Regular price: $31.50
Buy Now with 1 Credit
Buy Now for $31.50
If Elizabeth Bennet had the washing of her own petticoats, Sarah often thought, she’d most likely be a sight more careful with them.
In this irresistibly imagined belowstairs answer to Pride and Prejudice, the servants take center stage. Sarah, the orphaned housemaid, spends her days scrubbing the laundry, polishing the floors, and emptying the chamber pots for the Bennet household. But there is just as much romance, heartbreak, and intrigue downstairs at Longbourn as there is upstairs. When a mysterious new footman arrives, the orderly realm of the servants’ hall threatens to be completely, perhaps irrevocably, upended.
Jo Baker dares to take us beyond the drawing rooms of Jane Austen’s classic - into the often overlooked domain of the stern housekeeper and the starry-eyed kitchen maid, into the gritty daily particulars faced by the lower classes in Regency England during the Napoleonic Wars - and, in doing so, creates a vivid, fascinating, fully realized world that is wholly her own.
Customer ReviewsMost Helpful
By MP on 10-13-13
Extraordinary book (even w/o Pride & Prejudice)
I have generally hated P&P spinoffs -- too wordy, too internally focused and generally poorly written.
Not this one. Jo Baker is a literary writer and this novel stands on its own , as absorbing and interesting (even without the modest involvement of the P&P characters). These people have real lives, real struggles and problems and loves, and we sympathize with their strategic and hopeful efforts to maximize their future security and happiness. The Napoleonic Wars may not have had much effect on the Bennets, but it's very present for the lower classes, where the men were strongly urged to enlist without any understanding of the horrors of that war.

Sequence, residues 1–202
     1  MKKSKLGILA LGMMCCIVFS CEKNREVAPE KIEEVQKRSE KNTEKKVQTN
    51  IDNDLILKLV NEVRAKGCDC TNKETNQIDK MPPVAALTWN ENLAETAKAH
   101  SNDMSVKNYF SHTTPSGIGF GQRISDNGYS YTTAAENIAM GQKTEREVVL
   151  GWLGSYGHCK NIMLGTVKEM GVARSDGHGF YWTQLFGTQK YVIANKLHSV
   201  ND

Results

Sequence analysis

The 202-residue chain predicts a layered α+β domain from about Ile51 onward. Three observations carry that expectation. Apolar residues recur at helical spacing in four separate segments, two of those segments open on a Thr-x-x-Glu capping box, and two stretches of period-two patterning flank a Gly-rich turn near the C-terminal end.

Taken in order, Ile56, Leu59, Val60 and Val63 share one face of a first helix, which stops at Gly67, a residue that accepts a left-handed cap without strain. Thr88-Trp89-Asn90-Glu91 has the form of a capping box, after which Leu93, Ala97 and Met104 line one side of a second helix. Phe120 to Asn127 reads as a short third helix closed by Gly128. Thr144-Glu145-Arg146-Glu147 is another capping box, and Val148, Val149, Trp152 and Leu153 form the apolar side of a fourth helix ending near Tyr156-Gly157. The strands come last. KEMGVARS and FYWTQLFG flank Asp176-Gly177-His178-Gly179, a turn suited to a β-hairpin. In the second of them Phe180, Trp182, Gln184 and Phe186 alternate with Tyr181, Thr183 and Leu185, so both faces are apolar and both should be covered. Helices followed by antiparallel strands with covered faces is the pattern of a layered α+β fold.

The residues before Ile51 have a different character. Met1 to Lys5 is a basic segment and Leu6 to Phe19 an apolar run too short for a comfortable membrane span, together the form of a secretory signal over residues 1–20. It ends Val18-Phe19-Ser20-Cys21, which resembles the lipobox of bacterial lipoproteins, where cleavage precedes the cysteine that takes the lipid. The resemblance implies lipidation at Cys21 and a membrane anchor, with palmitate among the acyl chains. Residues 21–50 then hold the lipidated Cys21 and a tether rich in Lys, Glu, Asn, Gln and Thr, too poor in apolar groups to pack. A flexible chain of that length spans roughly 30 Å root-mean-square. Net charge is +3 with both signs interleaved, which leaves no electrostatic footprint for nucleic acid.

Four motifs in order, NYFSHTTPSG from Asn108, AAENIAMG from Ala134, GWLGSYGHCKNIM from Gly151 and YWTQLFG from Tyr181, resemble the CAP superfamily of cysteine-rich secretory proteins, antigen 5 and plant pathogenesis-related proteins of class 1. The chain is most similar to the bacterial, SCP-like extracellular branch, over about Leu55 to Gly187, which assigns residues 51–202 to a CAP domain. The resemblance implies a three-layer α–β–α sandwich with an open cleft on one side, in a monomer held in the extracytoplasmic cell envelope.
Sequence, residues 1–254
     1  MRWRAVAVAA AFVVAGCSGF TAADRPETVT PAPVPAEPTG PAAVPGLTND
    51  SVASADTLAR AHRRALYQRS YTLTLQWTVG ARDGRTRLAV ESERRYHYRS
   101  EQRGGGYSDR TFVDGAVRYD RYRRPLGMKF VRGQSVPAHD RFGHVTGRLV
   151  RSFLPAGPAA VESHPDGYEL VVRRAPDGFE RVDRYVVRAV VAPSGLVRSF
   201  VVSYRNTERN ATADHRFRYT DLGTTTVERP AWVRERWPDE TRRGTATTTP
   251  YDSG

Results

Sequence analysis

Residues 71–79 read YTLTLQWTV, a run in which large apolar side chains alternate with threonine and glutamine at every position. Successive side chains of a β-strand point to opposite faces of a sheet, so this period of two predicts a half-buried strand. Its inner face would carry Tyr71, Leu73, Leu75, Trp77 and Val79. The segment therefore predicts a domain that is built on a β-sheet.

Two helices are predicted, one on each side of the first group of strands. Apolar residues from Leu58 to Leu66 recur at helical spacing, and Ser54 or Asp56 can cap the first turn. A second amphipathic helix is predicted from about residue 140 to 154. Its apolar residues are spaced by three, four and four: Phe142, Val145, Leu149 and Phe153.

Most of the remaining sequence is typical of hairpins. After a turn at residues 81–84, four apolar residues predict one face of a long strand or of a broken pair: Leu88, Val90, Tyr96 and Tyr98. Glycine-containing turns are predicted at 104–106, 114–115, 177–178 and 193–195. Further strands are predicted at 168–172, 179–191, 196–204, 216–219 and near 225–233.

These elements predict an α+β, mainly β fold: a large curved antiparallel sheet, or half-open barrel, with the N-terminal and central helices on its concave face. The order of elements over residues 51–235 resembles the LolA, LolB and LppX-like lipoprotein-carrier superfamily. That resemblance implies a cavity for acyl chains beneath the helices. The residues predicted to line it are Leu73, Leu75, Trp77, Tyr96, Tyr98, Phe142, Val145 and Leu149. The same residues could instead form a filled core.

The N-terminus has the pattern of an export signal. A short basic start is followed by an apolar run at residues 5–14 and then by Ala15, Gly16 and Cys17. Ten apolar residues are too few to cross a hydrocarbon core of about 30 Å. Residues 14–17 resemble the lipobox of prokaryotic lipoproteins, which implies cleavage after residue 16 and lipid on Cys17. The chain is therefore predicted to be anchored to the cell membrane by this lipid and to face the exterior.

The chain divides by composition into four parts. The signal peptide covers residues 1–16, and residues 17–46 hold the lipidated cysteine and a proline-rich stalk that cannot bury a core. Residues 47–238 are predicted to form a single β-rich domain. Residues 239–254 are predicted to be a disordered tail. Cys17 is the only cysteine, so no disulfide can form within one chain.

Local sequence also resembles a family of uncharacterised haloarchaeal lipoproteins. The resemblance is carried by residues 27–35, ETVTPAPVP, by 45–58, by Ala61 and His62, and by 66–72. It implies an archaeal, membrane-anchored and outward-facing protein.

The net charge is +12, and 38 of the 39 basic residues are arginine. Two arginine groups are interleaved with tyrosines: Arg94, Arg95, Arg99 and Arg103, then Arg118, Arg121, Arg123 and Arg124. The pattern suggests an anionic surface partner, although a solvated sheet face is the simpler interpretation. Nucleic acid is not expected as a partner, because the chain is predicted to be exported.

The limited glimpses we see of the Bennet family seems to round them out into real people, too -- Elizabeth is still a very nice person and generally considerate mistress, but it is clear that her maid's happiness and security is never really on her mind except as it pertains to Elizabeth's comfort. This is probably an accurate depiction of women such as she. Mrs. Bennet's efforts to have a male child - over and over and over - elicit some real sympathy for her and deepen our understanding of the source of her current flightiness.
I loved this book.
15 of 15 people found this review helpful
By Kim on 10-29-13
Great Book, Great Narrator!
Longbourn was very well written, beautiful prose, compelling characters. I couldn't stop listening to it and the narrator made it that much better. I listen to a lot of books and she is one of the best narrators I have heard (as good as Davina Porter, but younger sounding). Longbourn is a must read or rather listen as the case may be.
11 of 11 people found this review helpful